Good morning bloggers,
There is a good chance that this week will end with 2022 beginning, well, there is a 100% chance of that happening. New Year's Day is Saturday, and on that day an Arctic Blast may very well be, well, blasting in. Let's discuss in today's blog.
We will begin with a discussion of this dry spell that just goes on and on. Today is day 43 of this dry spell. It rained 0.09" on November 14th, and it was wet before then in October and early November, and then the faucet was turned off:
So, here we are again with a storm approaching us tonight. I am concentrating on the New Year's storm for many reasons, the most of which is that it looks much more impacting. It may rain early Tuesday, but we are on the edge of this fast moving storm system. The chance of rain tonight is from around 3 AM to 8 AM tomorrow. It may whiff on parts of our area leaving us dry again.
Now, by the end of the week this set up develops:
An Arctic Blast, the first true Arctic front of the season will be on our doorstep by the time we ring in the New Year. A storm system will be developing on this Arctic front, shown with the low pressure center (the red L). There is a huge factor that will likely be the difference between Kansas City finally having its first snow, or just having a dry Arctic Blast?
Look at the feature I point to in these next two graphics:
There is an impacting wave of energy in the form of a storm system that is going to form in the next couple of days and drop off the California coast. The American model is picking up this wave, while the European model is keeping the wave a bit farther south and west.
- If the wave gets kicked out ahead of the storm, then the snow will track much farther north and west and miss KC
- If the wave stays near the base of the storm, then KC has a much better chance of our first inch of snow Saturday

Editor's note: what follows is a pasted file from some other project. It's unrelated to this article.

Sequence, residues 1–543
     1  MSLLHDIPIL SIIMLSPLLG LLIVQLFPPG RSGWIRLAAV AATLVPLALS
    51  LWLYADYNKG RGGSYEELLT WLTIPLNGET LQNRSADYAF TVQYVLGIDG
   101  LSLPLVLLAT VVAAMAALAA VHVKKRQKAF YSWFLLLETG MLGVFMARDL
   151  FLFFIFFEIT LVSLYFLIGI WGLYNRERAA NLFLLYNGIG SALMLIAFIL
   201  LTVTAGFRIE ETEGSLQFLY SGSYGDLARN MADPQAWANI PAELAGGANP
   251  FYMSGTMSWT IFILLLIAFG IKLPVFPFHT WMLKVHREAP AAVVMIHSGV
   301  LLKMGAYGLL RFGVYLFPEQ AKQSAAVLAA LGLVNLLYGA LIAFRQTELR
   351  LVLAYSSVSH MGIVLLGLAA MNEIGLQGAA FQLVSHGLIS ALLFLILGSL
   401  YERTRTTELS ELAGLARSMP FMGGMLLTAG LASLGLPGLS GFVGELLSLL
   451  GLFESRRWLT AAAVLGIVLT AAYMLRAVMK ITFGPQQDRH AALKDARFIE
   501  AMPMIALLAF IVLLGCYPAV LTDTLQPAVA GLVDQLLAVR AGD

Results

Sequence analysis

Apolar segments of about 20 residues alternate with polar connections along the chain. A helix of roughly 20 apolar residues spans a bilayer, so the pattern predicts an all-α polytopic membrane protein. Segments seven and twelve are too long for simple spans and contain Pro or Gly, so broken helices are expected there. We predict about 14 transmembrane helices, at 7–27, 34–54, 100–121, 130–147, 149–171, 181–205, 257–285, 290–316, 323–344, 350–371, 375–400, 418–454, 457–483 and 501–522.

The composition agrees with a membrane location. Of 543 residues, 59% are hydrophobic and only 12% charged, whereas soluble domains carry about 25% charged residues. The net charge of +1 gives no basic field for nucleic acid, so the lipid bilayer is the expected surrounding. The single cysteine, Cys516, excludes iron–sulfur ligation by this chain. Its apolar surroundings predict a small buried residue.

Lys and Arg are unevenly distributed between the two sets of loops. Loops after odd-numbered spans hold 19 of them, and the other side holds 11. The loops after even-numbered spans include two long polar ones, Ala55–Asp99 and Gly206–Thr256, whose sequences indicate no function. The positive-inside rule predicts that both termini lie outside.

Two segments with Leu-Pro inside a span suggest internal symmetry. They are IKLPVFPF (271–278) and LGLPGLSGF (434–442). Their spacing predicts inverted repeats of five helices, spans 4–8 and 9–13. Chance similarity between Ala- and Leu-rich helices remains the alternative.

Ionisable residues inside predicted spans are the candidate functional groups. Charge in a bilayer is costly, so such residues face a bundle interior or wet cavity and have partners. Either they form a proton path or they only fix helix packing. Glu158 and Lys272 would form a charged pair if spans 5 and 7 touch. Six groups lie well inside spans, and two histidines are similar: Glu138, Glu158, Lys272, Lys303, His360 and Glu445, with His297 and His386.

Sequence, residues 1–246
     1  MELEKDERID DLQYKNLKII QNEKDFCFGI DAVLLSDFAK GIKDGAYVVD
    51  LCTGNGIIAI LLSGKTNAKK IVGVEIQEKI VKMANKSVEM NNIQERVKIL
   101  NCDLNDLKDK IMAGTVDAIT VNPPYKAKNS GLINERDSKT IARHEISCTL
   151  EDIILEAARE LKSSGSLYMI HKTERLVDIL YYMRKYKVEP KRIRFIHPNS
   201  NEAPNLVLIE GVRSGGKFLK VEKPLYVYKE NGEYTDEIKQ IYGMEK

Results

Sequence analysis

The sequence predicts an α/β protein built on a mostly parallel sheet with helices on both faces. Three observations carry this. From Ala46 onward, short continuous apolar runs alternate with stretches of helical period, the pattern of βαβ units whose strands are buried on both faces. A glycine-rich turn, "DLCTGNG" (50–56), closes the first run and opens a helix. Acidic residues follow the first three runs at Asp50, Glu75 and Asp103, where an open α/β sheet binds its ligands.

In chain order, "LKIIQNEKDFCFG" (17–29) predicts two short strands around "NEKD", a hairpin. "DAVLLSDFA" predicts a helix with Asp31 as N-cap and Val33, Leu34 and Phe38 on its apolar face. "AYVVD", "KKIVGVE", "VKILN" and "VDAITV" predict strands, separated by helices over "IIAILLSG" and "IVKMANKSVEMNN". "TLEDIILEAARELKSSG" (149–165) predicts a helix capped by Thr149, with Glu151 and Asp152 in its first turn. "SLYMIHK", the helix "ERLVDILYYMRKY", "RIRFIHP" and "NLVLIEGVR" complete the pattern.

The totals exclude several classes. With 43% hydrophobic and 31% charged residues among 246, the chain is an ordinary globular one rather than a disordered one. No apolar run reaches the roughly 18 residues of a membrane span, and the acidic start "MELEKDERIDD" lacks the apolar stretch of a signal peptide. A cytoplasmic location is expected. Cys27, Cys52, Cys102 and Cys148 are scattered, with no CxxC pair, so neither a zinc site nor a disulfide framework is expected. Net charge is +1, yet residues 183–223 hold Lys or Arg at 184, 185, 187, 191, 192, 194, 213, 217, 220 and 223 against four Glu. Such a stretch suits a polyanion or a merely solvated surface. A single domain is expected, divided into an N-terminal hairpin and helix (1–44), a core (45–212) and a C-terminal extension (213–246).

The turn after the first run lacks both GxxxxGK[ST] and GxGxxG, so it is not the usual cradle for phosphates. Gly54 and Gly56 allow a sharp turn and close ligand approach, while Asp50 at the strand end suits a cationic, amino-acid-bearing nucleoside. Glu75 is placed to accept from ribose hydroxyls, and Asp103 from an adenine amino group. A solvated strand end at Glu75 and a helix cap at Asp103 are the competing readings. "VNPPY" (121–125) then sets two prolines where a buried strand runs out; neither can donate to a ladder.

- If the wave, and the main storm phase together and track a bit farther south, then a major snowstorm is possible near KC
Here is the American Model showing the version of the lead wave being farther north and taking the snow north and west of KC.
There is a lot to analyze, and we will see how the models trend today. I don't have a feel on this at the moment. The LRC strongly suggests the farther south solution, but the 43-day dry spell has me a bit "freaked out" over anything that looks like rain or snow.
Early Tuesday Morning:
This forecast map is from the HRRR model. It shows 99% of the rain along and southeast of I-35. Kansas City will be on the edge of this Tuesday storm. The surface low is in Nebraska, so after the rain moves by, it will likely warm up into the middle 60s again, continuing one of the warmest December's in our recorded history. Today's high was 64 degrees at midnight last night. Yesterday's high was 65 degrees at 11 PM last night. We were within one degree of the record high of 66 yesterday at 11 PM. That is incredible.
I will be going in-depth with KC's most accurate forecast tonight on KSHB-41.
Thank you for sharing in this weather experience and spending a few minutes of your day reading the weather blog. Have a great Monday!